• Inability or difficulty to attend to the left
  side of visual space or of an object. Caused
  by lesion in the right parietal lobe.
Line-bisection task
Memory Demos
Sensory Memory Demonstration

        Focus on the cross


               +
Sensory Memory Demonstration


     X   M   D   N

     I   F   B   Z
Sensory Memory Demonstration



 What were all of the letters?
Sensory Memory Demonstration

        Focus on the cross


               +
Sensory Memory Demonstration


      Q   U   C   L

      T   J   R   M
   Sensory Memory Demonstration
• Report the letter that was where the arrow points


              --    --      --     --

              --    --      --     --
Visuo-Spatial Sketchpad
    Demonstration
• Examine this boat for a minute
    Visuo-Spatial Sketchpad
        Demonstration
 Was the anchor closer to the front or to the
center of the boat?
      Chunking: An Example

• Remember these 19 numbers

• Write them down when I’m finished
                  Chunking

• Chunk: a category of information that lets
you group/organize underlying items.

• Here were the numbers:
 1776 2002 24/7 911 22904

Our short term memory capacity is 7 plus or
minus 2 chunks of information.
                   Amnesia
• caused by damage
to hippocampus
and/or surrounding
areas

• See the Jeremy
video

• Remember the
Clive video             Hippocampus
      Which is the real penny?


(a)       (b)    (c)   (d)   (e)




(f)       (g)    (h)   (i)   (j)




(k)        (l)   (m)   (n)   (o)
             Answer


(a)   (b)     (c)     (d)   (e)




(f)   (g)     (h)     (i)   (j)




(k)    (l)    (m)     (n)   (o)
          Class Demonstration

As fast as you can, unscramble the words on
 the sheet of paper. Turn the page over when
 you’re finished.
           Class Demonstration

Raise your hand if you spelled the last word as
                  PETAL


Raise your hand if you spelled the last word as
                PLATE
                  Priming Example #2
   • There were two sets of scrambled words
     preceding the last one. One set was related to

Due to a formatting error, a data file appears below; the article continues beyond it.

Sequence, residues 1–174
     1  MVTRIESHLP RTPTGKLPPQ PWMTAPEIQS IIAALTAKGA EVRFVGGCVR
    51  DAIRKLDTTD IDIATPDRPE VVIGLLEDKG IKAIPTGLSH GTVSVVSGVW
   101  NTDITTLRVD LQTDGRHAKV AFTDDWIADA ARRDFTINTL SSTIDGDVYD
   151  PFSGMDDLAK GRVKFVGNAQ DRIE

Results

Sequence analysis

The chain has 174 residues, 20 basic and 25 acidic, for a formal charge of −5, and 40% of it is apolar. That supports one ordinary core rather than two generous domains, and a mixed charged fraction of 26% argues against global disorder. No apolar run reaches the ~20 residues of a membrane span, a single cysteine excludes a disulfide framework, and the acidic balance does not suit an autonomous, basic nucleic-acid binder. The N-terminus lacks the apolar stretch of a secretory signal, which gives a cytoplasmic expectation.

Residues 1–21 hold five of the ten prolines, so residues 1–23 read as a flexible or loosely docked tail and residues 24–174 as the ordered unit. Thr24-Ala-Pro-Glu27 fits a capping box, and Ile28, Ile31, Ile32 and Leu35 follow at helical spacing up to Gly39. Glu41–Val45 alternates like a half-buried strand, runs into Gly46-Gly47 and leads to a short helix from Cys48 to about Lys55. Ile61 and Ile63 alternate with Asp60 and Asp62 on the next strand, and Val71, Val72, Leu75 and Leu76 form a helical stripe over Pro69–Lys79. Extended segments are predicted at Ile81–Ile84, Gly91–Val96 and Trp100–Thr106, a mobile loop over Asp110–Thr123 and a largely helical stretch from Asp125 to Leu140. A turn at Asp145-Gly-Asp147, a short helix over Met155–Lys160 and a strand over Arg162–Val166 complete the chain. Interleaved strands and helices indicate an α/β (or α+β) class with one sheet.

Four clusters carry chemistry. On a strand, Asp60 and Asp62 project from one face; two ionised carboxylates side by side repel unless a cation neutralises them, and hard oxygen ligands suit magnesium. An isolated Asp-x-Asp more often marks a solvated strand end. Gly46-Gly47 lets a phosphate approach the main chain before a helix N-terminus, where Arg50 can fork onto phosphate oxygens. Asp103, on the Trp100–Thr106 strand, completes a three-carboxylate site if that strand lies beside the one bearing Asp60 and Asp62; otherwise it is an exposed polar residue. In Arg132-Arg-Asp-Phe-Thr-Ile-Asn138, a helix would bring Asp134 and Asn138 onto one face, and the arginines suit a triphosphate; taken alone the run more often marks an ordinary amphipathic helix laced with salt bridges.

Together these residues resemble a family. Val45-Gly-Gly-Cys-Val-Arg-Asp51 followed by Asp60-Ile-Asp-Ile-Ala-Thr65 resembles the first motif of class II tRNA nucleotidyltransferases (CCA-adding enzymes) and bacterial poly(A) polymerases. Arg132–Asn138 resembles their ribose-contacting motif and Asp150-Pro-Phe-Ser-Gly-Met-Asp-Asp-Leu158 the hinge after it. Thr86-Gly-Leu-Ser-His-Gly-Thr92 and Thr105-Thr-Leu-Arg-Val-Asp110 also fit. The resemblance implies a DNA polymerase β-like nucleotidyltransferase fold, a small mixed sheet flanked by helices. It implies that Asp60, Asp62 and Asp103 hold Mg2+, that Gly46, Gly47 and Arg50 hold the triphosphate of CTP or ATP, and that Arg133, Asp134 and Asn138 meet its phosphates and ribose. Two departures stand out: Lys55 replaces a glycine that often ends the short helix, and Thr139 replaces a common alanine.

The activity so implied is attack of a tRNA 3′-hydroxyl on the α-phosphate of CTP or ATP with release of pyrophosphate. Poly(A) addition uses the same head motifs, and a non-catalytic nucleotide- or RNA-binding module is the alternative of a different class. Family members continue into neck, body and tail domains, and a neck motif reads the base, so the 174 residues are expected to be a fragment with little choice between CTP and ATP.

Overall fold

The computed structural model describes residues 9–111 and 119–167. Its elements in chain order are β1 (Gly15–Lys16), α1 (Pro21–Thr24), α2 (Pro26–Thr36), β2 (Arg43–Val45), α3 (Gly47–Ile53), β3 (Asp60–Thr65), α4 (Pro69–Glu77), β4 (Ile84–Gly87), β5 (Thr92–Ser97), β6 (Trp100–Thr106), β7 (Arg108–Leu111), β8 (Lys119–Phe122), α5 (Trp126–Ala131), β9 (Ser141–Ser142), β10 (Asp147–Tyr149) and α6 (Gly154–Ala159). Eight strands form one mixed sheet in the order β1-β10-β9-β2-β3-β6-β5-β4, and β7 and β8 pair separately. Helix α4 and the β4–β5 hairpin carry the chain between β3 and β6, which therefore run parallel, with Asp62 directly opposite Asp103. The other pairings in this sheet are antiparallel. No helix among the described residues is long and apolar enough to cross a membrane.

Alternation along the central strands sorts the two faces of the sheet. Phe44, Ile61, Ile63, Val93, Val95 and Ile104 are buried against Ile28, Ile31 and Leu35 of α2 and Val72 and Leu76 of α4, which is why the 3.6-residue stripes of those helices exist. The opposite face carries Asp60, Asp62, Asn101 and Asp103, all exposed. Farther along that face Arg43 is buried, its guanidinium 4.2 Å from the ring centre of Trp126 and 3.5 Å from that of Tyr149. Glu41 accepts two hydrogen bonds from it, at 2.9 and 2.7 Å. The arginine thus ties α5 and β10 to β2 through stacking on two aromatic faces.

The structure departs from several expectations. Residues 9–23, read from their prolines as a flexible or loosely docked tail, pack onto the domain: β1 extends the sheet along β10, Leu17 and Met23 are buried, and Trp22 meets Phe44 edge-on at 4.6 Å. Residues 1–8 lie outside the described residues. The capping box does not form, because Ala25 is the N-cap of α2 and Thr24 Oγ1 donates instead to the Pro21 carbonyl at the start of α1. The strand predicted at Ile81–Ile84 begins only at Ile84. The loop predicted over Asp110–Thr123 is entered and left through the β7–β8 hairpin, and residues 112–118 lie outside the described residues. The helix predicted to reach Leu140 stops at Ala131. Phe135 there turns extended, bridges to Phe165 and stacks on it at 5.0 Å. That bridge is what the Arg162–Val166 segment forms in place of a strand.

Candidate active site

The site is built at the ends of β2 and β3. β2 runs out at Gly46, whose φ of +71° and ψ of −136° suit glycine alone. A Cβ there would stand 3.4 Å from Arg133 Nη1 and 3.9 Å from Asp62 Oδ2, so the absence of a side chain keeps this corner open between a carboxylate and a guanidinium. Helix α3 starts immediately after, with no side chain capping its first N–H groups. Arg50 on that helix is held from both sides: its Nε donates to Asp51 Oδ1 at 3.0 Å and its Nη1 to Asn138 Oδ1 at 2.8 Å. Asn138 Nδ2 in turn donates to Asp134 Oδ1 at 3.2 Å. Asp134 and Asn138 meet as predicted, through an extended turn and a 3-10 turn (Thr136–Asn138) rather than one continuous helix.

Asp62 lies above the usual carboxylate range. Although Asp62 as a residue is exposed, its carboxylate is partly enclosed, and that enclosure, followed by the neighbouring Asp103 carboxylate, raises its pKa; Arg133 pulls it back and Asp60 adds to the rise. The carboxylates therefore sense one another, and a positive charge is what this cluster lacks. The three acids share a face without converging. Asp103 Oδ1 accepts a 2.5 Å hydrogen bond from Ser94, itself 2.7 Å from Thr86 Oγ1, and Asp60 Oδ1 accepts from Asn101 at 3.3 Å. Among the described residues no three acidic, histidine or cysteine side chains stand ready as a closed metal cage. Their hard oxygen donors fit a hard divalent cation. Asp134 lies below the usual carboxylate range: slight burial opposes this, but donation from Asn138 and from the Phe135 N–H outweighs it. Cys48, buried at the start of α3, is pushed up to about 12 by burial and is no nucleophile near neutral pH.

kitchen items.

              •   F I N E K --> KNIFE
All related   •   K R O F --> FORK
     to       •   P U C --> CUP
              •   E C U S A R --> SAUCER
              •   L T E P A --> PLATE
                  Priming Example #2
   • The other set was related to flowers.



              •   NYPAS --> PANSY
All related   •   FELA --> LEAF
     to       •   KTALS --> STALK
              •   LOBSOMS --> BLOSSOMS
              •   L T E P A --> PETAL
          Priming Example #2
• Whether you deciphered LTEPA as “Plate”
  or as “Petal” was likely influenced by the
  preceding words.

• These preceding words primed (i.e,.
  activated) either Plate or Petal.
          A 3 minute Task


Spend the next 3 minutes writing down as many
U.S. states as you can.
Face memory test
  100           Face Memory Results

  80


  60


  40


  20


   0
Don’t Describe Face
  100           Face Memory Results

  80
                              Why are people worse
                              after describing the face?
  60


  40


  20


   0
Don’t Describe Face Describe Face
Social Demos
       The Attribution Scale Task
Each row contains a pair of adjectives and a
  “Depends on the situation” response.

I want you to rate George Bush. Put a
  CHECK (do not circle) next to the item that
  is most characteristic of George Bush.
While driving through a rural area near your home you are
stopped by a county police officer who informs you that you
have been clocked (with radar) at 38 miles per hours in a 25-
mph zone. You believe this information to be accurate. After
the policeman leaves, you inspect the citation and find that the
details on the summons regarding weather, visibility, time, and
location of violation are highly inaccurate. The citation
informs you that you may either pay a $50 fine by mail
without appearing in court or you must appear in municipal
court within the next two weeks to contest the charge.

•    Which option would you choose?
    (a)   pay fine   (b) contest charge


•    What % of the people in this class do you estimate would pay
     the fine? _______
           False Consensus:
Tendency to see one’s own choices and opinions as
          more common than they are

       Class results from last year
47% said they would pay fine
          They estimated that: _38_% would contest
                               _62_% would pay


53% said they would contest the charge
          They estimated that: _64_% would contest